There are proposals now that foresee taxes for the carbon footprint of cars, which would be taxed as well and included in the price of the import. The final price would reflect that, bringing the price up to something similar to what is produced in the EU.
With regard to energy and electricity specifically, which in the Balkans is produced mainly through extremely outdated and inefficient coal plants, the EU has proposed a carbon border adjustment mechanism as part of its push to reduce emissions.
“The amount of energy imported to the EU is relatively low, at around one per cent, and includes imports from the Western Balkans, as well as countries such as Morocco, Ukraine, Georgia and Moldova. While this isn’t a huge problem for the EU, it would incentivise its neighbours to apply a carbon tax on their products, which include the electricity industry, steel, fertilisers and cement.
"So while electricity on its own might not be a big deal, it could have a much larger effect when all these polluting industries are combined,” says Berishaj.
Can climate change be politicised?
For Štiks, while he acknowledges the increase in ecological movements in the region – such as the new mayor of Zagreb or ecological movements in Serbia – he says that they are a reaction of things that are happening and not “a product of agreed thinking or classical political mobilisation.”
“An interesting fact is those are not uniform movements in their ideological outlook, and we can see that the struggle for the natural environment is populated by people of various ideological stripes,” he observes.
In certain places, these movements are clearly left-wing, such as in Slovenia and Croatia. In Bulgaria, Romania and to some extent in Serbia they “could also be led by nationalists who want to preserve their land and its purity — literally, ‘blood and soil’, and we could see in the recent demonstration in Belgrade that left-wing or progressive speakers were pretty much mixed with hardcore nationalists who want to preserve ‘the land of the people,’” he says.
On September 11, thousands gathered in central Belgrade in front of the national parliament as part of a protest called an “ecological uprising for survival.” The protests included around 60 environmental organisations mainly from Serbia but also the wider region, demanding a concerted government response to environmental concerns caused by ageing power plants and water systems.
One of the speakers during the protest referred to Dragoljub Draža Mihailović, a Serb guerilla leader who collaborated with the Nazis during World War II.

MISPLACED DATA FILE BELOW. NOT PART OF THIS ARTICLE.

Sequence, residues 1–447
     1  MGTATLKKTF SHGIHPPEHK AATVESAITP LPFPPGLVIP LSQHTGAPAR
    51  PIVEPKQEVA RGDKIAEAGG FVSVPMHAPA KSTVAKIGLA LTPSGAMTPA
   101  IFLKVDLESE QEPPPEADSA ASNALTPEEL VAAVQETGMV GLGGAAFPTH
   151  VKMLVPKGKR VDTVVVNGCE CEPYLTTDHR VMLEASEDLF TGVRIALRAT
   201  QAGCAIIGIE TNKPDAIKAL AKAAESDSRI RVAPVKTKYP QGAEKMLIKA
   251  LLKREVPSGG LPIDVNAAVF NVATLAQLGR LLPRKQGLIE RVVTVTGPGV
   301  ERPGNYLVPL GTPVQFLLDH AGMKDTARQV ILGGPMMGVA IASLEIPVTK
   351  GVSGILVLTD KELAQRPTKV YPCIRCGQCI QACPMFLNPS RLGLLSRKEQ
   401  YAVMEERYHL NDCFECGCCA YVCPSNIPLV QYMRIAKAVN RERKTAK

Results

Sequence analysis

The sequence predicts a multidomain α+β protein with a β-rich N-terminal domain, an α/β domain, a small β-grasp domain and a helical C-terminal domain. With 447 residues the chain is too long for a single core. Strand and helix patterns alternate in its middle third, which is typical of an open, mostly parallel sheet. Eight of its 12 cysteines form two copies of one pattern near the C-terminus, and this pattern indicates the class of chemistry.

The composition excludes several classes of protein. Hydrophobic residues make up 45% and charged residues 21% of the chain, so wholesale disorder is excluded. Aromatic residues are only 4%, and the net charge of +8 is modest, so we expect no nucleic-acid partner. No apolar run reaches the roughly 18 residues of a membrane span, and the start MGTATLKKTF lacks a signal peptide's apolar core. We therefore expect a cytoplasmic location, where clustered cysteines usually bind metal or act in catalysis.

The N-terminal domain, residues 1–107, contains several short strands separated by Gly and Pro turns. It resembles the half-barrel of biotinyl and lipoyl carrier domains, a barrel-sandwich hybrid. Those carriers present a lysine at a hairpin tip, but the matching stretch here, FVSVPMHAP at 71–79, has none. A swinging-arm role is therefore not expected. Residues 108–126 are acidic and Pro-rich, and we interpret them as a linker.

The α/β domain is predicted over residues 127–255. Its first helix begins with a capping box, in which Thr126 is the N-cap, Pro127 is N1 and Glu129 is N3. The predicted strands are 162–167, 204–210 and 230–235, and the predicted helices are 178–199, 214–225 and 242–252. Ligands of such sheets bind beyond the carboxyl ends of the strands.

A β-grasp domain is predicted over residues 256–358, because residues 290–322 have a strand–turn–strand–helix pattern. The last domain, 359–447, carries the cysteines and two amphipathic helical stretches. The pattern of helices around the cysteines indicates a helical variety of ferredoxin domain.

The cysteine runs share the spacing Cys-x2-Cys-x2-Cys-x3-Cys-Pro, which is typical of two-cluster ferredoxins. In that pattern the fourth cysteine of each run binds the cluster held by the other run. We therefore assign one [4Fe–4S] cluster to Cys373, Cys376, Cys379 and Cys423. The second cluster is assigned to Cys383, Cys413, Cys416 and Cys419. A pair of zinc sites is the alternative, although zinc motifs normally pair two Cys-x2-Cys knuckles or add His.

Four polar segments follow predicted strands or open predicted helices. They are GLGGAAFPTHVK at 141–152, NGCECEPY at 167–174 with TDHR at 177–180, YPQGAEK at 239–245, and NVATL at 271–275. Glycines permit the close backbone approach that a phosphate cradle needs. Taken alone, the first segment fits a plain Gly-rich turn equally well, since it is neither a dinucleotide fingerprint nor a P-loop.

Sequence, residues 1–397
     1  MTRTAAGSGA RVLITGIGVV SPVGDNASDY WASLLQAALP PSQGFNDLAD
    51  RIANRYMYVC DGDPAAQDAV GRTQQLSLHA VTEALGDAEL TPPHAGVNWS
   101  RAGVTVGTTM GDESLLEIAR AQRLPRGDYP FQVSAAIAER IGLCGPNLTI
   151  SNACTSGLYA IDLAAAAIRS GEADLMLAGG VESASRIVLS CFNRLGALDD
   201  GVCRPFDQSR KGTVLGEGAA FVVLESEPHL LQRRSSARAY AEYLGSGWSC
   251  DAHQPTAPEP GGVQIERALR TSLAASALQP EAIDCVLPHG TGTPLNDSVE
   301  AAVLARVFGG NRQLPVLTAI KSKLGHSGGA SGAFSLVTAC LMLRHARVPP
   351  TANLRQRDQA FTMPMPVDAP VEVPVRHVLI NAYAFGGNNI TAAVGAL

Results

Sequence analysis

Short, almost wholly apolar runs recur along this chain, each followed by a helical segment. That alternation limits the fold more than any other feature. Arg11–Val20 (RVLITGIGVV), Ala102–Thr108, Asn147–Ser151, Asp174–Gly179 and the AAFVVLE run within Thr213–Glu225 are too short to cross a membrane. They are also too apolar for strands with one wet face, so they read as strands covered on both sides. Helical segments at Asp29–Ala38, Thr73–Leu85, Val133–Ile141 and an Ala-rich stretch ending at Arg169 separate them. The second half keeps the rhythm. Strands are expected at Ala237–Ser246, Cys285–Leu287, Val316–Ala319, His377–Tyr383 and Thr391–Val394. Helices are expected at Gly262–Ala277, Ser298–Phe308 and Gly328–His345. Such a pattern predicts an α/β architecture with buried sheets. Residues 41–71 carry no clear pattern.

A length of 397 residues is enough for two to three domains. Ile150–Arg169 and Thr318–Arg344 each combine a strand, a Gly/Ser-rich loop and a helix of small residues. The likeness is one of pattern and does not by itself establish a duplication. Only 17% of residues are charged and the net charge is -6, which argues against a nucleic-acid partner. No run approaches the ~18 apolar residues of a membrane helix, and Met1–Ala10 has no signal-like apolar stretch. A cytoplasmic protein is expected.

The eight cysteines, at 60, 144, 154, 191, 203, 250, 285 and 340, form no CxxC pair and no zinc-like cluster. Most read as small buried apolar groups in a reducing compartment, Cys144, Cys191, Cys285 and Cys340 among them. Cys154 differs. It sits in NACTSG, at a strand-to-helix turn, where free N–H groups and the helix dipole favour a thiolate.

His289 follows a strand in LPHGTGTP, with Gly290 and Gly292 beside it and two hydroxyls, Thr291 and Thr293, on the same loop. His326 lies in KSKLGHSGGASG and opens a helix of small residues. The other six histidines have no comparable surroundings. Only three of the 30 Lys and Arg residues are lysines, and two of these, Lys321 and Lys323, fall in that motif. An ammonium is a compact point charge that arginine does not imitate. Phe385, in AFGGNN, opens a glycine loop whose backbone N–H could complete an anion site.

“So you can see this an anti-elite movement, but obviously they don’t have the same ideological or starting position. The danger is this nationalistic part. All of these activists apart from some progressive actors cannot link their struggle as a struggle for the preservation of the planet. No, it’s a struggle for the preservation of their own country, so it's inherently nationalist and not climate-oriented,” warns Štiks.
The flipside of those who might be spurred to climate action for nationalist aims are those who perceive climate issues as something not equally important as other political issues.
“Many see climate as a depoliticising exercise. Aren’t we all for the protection of our planet, right? Some people see it as being in stark contrast to issues that provoke conflict or different visions of how we see our society and the world,” he continues.
When something is depoliticised, it gets taken out of the realm of politics or the realm of things that need to be solved by politics. “The depoliticisation of climate change is a serious problem. When you present it as something abstract then you can’t do anything about it, especially if you live in the periphery, where it certainly isn’t going to play a big role.”
By making it a political issue that is equally important to other ones, citizens will react as they do to other political issues – by protesting, requesting action from their representatives and voting for those who will deliver it.
“Because if we start talking about the real consequences of climate change, such as migration, extinction of species, conflict, the issue will become politicised,” Štiks said.
“We will come to the realisation that not everyone is equally affected and that the poorest strata is affected the most, and that also we have to arrange our societies differently in order to be able to survive the shocks that are certainly coming.”